It’s like anything in life, eat them in proportion. If you are fit & healthy but started to eat 200/300grams
    Of unclean rubbish carbs you’ll gain weight. I know of a few bodybuilders who are type 1 who compete professionally & they have to eat 500grams of carbs per day in there ‘off season’! Now look at them lads they are in the shape of there life’s, 14/15/16 stone with a tiny amount of body fat. If your interested google a man named Anth Bailes or Jason Poston, both IFBB Pro bodybuilders with diabetes. Them lads eat massive amounts of carbs
     
    • Like Like x 1
    • Informative Informative x 1
  13. NicoleC1971

    NicoleC1971 Type 1 · Well-Known Member

    Messages:
    2,619
    Likes Received:
    1,617
    Trophy Points:
    198
    Good training effort. Your liver obviously needed to drum up some glucose quickly so at least you know you were doing all out!
    This happens to me and what you do depends on how near to a meal was it? If near reduce carb at that meal or add bolus but ensure you then do the HiiT quickly to avoid hypos and don't start exercising if your blood sugar is below 4 (you probably won't want to).
    What happens afterwards? Do you drop over the rest of the day? If not you will need to treat the spike.
    Lastly can you add in some steady state gentle walking and stretching to take things down.
    If you don't have time or its just before a meal you could take more bolus or cut carbs.

    I find exercise does make diabetes a little more complicated but am sure it is worth it to prevent weight gain, heart disease etc. as long as those spikes don't go on for a long time or lead to over corrections/hypos.
     
    • Winner Winner x 1
  14. PaulAshby

    PaulAshby Type 1 · Well-Known Member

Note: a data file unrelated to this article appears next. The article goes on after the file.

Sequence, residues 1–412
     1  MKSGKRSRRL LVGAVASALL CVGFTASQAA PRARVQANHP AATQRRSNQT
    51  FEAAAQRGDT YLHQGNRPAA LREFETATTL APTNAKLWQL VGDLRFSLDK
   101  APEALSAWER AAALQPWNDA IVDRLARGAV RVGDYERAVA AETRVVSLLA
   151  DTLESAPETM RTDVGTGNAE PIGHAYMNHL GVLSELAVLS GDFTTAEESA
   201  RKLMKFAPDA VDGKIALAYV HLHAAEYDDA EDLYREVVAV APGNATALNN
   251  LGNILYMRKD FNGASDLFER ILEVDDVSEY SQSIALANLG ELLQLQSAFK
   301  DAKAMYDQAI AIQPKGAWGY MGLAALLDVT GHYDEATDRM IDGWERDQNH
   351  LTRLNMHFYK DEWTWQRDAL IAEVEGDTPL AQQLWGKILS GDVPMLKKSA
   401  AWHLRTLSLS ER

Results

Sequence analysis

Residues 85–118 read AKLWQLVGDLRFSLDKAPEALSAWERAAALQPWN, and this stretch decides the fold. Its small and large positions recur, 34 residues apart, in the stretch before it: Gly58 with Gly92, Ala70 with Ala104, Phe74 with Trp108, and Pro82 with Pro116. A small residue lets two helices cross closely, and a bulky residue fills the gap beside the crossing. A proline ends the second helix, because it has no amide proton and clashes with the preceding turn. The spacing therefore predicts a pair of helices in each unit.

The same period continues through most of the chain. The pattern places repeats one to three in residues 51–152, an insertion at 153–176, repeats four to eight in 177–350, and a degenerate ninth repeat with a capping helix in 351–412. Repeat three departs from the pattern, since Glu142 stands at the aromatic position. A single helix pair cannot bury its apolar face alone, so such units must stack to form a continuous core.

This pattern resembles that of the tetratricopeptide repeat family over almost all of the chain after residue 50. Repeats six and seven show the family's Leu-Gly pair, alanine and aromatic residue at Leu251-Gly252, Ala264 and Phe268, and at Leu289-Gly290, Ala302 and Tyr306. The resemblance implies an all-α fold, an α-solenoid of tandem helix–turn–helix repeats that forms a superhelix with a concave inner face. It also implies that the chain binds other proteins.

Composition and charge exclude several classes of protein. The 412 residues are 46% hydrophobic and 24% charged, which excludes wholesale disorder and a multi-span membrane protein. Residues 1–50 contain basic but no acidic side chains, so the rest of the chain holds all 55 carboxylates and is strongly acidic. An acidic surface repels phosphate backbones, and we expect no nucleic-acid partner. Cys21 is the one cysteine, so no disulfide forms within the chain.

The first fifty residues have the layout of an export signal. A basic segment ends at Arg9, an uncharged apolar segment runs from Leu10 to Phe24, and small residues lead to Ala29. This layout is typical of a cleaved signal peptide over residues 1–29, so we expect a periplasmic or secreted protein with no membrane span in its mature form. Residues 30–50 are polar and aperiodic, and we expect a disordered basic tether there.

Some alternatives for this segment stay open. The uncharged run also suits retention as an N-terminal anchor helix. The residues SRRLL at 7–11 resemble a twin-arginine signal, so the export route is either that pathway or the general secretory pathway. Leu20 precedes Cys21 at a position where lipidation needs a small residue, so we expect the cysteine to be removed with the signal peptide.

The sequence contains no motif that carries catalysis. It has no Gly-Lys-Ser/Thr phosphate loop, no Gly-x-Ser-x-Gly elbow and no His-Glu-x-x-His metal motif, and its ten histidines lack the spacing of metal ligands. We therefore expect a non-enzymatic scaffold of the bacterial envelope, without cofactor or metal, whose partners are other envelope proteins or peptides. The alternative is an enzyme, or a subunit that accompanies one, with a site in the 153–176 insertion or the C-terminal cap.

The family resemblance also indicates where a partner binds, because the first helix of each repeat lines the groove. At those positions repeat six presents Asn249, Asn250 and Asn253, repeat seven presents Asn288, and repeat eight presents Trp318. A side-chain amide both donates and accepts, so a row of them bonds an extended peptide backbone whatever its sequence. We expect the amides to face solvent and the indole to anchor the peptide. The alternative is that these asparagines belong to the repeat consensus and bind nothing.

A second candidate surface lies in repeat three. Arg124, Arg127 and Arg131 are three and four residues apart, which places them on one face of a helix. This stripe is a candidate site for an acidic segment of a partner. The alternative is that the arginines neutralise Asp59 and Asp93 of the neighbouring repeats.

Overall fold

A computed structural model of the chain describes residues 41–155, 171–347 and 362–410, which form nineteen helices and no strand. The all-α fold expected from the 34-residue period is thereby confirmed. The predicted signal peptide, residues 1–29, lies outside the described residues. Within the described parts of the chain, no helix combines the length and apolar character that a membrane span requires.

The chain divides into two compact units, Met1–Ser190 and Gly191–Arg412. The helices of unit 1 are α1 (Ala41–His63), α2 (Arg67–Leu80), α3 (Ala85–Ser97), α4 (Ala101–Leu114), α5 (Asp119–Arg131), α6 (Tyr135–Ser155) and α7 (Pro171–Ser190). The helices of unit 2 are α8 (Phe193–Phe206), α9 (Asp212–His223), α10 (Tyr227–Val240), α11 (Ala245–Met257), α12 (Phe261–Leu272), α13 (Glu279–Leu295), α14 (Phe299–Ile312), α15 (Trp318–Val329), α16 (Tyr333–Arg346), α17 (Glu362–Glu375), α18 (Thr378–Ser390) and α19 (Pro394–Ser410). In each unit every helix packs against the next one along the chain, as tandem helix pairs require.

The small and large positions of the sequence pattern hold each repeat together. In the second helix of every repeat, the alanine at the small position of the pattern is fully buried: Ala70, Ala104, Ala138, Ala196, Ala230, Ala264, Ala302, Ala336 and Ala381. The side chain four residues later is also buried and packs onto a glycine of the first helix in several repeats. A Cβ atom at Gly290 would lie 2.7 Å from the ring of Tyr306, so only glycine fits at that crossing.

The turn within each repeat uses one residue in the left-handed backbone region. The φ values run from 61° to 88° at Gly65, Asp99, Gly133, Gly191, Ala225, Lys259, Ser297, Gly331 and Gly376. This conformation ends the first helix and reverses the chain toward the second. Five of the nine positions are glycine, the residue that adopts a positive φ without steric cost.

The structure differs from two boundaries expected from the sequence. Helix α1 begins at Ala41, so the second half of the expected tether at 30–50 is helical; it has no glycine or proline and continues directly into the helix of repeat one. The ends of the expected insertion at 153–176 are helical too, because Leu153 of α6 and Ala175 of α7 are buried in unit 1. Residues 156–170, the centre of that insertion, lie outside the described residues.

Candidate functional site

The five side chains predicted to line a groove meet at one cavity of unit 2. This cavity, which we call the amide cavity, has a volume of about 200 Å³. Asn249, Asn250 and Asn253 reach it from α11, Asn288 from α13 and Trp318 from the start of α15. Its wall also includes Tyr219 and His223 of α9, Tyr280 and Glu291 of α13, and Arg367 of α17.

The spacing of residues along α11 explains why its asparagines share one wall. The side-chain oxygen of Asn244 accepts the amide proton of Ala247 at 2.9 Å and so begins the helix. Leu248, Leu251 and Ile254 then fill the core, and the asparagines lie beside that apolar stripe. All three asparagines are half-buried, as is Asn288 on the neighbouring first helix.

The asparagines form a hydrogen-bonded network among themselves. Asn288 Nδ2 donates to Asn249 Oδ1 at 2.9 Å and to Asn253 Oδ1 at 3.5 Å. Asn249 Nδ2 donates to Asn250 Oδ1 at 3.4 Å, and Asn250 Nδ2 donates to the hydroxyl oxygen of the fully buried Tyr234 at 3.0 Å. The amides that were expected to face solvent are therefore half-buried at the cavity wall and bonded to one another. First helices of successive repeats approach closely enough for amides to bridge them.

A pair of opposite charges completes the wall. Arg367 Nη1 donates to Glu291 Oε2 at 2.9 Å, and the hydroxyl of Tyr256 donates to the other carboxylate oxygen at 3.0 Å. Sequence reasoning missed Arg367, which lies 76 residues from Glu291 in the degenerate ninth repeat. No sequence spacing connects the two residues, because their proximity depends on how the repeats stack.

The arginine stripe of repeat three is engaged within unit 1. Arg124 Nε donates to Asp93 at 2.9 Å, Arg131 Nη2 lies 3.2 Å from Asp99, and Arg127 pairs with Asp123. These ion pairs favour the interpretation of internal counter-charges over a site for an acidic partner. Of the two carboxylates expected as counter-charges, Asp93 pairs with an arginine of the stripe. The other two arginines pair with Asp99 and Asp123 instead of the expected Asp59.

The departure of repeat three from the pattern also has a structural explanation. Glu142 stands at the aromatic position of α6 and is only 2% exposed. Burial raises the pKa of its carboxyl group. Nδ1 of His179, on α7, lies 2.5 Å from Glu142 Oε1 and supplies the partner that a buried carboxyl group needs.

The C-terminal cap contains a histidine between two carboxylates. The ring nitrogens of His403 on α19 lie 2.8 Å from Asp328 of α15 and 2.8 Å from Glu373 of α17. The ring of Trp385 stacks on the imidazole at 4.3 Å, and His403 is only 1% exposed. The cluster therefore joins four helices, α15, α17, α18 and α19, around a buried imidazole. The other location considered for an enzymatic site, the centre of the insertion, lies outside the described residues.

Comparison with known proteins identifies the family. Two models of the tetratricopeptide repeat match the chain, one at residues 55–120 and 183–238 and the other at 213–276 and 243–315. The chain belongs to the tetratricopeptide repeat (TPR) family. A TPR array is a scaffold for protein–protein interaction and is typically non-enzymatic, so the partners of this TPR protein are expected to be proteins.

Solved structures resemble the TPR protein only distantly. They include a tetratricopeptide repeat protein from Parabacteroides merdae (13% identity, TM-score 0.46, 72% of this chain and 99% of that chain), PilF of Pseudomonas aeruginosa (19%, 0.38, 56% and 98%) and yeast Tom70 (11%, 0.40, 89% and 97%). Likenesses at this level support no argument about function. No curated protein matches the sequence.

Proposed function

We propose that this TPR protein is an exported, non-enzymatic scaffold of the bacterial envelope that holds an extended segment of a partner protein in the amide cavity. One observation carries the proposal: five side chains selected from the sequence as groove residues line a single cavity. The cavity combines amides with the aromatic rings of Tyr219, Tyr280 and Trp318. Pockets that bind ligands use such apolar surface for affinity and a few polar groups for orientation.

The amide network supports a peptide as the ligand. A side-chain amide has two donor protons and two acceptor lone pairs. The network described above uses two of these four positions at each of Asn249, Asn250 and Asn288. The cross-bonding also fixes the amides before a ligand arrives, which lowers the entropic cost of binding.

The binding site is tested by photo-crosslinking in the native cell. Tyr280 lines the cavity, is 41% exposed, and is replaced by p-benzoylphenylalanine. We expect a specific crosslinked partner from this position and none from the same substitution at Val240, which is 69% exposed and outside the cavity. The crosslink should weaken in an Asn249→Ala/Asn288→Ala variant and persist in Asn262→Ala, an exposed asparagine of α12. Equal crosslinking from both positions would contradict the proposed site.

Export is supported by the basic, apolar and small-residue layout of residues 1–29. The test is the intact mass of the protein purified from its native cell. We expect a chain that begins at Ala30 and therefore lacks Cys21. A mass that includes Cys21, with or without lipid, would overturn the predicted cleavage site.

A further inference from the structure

Messages:
    72
    Likes Received:
    81
    Trophy Points:
    58
    Wow, how much insulin did you give yourself before you started exercise?
     
  15. jaywak

    jaywak Type 1 · Well-Known Member

    Messages:
    134
    Likes Received:
    138
    Trophy Points:
    103
     
  16. jaywak

    jaywak Type 1 · Well-Known Member

    Messages:
    134
    Likes Received:
    138
    Trophy Points:
    103
    A good thing about eating food like that and in them sort of portions you won't have to worry about long term complications .
     
  17. oldgreymare

    oldgreymare Type 1 · Well-Known Member

    Messages:
    254
    Likes Received:
    241
    Trophy Points:
    103
    Sadly, I cannot agree. Been diagnosed T1 12 years, only last 18 months using a CGM. Pragmatically I may well be a "double" diabetic - low food intake (of any type!), low stress, low exertion and only slow long duration cardio exercise and my BG profile looks good and indicative of an insulin sensitive T1. So in theory able to handle using appropriately measured carbs/insulin dosing.

    BUT any high intensity exercise (and I SO need this to combat my osteoporosis and keep muscle mass) easily sends my BGs soaring (to 20's). As do ANY carbs within 3 hours of my dawn phenomenon. Both can take a long time/extra insulin to resolve. I also need to bolus significant amounts of insulin for protein. I cannot ignore any indications of insulin resistance.